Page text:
Softube teamed up with hardware manufacturers Summit Audio to model the latters classic TLA-100A Tube Levelling Amplifier, a fairly ubiquitous processor in professional studios the world over. What sets this one apart is the way that it effortlessly tames the dynamics of vocals and ordinarily tricky instruments like acoustic guitars. This is partly due to the silky valve-levelling/soft-knee design, wherein the compression gradually increases as the input level pushes the threshold, and partly due to the simple control design enabling quick and easy adjustments. Softube have also added a useful Saturation control, allowing you to pump up the character of the processing without having to actually overdrive the input (as was the case with the original); and a Low Cut filter for treating more bass-heavy signals.

Available for Mac (32/64-bit, all formats) and PC (32/64-bit, all formats).Official site here.

Image Line Maximus

9. Image Line Maximus

An impressive multi-band compressor/limiter from the company of FL Studio fame. I previously noted how this is one of the best plugins for increasing loudness and milking every spare dB from your tracks, and in a more crowded market Maximus continues to deliver the goods. A great visual display element to the GUI, generally straight-forward operation (not a strength of all multi-band plugins) and multiple dynamics options including gating, ducking, expanding and de-essing make this a winner for processing complete mixes, busses and stems or individual tracks.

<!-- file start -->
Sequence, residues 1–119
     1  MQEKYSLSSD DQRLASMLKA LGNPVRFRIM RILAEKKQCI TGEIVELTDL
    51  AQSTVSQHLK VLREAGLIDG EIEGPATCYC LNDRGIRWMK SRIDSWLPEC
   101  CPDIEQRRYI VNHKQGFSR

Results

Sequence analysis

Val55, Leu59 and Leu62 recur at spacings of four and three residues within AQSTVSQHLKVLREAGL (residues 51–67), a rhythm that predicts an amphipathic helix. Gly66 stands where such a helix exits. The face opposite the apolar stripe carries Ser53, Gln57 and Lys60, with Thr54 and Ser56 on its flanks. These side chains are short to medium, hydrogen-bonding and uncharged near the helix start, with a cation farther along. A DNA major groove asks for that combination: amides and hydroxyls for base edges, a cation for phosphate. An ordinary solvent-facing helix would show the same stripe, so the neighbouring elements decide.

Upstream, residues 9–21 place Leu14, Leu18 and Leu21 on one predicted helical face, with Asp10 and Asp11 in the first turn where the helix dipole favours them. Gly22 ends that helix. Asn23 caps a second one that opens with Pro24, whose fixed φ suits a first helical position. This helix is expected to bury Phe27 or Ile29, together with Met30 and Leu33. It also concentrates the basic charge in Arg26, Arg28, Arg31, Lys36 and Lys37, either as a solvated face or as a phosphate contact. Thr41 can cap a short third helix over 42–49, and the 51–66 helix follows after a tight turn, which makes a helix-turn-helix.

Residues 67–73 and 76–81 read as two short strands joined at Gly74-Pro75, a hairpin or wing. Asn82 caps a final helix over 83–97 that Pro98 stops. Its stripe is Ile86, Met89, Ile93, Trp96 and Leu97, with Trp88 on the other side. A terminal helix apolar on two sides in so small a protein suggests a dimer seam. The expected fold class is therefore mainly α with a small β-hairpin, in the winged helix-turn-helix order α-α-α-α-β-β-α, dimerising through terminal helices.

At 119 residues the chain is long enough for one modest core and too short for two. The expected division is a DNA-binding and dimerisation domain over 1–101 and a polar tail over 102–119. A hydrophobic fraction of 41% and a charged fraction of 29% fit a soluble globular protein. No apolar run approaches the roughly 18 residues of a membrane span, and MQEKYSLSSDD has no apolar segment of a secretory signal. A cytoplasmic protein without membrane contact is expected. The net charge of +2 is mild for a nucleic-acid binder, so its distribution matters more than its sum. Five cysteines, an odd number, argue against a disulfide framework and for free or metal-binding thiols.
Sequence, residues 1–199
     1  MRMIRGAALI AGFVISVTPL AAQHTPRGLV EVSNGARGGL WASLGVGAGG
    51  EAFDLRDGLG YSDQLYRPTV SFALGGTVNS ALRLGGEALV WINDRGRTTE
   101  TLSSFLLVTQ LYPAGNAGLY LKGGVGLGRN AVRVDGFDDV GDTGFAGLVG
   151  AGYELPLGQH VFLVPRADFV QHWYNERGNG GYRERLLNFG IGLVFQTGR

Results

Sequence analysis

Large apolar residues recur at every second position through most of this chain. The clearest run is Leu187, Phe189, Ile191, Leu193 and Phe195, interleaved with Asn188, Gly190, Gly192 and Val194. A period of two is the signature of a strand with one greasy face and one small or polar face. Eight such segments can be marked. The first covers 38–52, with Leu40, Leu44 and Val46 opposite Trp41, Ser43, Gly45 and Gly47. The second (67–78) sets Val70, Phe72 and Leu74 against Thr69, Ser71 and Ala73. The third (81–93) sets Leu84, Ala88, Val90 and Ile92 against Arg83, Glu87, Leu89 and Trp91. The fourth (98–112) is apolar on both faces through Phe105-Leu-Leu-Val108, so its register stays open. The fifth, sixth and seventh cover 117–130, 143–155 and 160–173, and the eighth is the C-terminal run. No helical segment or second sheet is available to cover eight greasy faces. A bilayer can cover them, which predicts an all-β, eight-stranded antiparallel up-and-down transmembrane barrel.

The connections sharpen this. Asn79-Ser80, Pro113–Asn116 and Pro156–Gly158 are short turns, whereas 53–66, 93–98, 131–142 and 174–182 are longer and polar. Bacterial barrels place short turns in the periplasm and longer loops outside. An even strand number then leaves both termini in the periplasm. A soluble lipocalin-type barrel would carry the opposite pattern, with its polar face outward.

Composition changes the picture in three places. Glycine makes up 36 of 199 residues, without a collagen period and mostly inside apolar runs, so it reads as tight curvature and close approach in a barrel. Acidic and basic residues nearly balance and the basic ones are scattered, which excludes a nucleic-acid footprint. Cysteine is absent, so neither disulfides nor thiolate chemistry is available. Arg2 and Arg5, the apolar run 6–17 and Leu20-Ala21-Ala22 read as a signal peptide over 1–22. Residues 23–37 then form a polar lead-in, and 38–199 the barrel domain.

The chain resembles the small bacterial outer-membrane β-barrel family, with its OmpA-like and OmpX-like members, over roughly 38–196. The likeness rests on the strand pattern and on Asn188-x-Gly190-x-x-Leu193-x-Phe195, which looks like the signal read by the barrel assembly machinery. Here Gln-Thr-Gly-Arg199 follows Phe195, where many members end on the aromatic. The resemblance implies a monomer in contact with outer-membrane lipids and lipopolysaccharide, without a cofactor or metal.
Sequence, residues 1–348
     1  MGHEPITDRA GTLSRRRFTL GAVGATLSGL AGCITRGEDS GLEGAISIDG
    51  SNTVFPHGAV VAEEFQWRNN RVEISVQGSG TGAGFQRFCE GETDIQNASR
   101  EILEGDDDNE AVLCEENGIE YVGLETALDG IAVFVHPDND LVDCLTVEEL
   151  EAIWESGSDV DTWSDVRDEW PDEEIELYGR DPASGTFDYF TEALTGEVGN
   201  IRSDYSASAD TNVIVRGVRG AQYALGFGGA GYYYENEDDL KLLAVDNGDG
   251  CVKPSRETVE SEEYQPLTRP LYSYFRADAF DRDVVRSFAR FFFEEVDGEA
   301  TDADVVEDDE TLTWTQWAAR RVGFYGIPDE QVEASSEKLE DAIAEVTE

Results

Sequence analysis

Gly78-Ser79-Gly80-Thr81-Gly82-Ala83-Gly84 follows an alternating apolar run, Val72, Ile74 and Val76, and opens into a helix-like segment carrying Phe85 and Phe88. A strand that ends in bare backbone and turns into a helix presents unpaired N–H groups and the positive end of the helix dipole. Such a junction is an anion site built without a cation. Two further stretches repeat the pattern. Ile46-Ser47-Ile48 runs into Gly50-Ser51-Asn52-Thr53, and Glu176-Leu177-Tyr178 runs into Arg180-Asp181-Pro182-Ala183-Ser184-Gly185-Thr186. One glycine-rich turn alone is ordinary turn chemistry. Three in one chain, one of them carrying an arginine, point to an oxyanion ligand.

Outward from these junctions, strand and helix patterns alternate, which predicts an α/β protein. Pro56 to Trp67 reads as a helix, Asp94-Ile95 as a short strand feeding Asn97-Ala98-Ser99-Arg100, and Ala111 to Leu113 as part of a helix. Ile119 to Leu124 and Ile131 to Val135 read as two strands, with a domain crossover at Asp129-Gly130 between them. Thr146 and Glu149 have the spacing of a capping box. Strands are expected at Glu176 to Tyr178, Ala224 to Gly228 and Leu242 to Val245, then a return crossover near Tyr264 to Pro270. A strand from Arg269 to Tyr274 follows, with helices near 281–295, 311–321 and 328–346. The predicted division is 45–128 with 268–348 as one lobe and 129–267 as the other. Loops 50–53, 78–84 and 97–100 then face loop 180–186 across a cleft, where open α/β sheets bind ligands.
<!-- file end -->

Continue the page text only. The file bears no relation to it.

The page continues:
Currently available for PC only unfortunately, but with an upcoming Mac version of FL Studio announced late last year, we hope to see other Image Line products follow suit soon.

BUY NOW via PluginBoutique.

112dB Big Blue Compressor

10. 112dB Big Blue Compressor

We’ve been big fans of 112dBs Red Reverb for several years, but for some reason it took us a little while to remember to demo their Big Blue Compressor. That was a mistake, because with it’s full and well thought-out feature set (classic VU meters, high- and low- pass filter knobs, dry/wet control for parallel compression, stereo imaging, ‘choke’, M/S and sidechain options), classic gold/blue GUI and top-notch sound quality and overall character, this compressor deserves some attention.

Available for Mac (32/64-bit, VST, AU, AAX and RTAS) and PC (32/64-bit VST and AAX). Official site here.

Waves H-Comp Hybrid Compressor11. Waves H-Comp Hybrid Compressor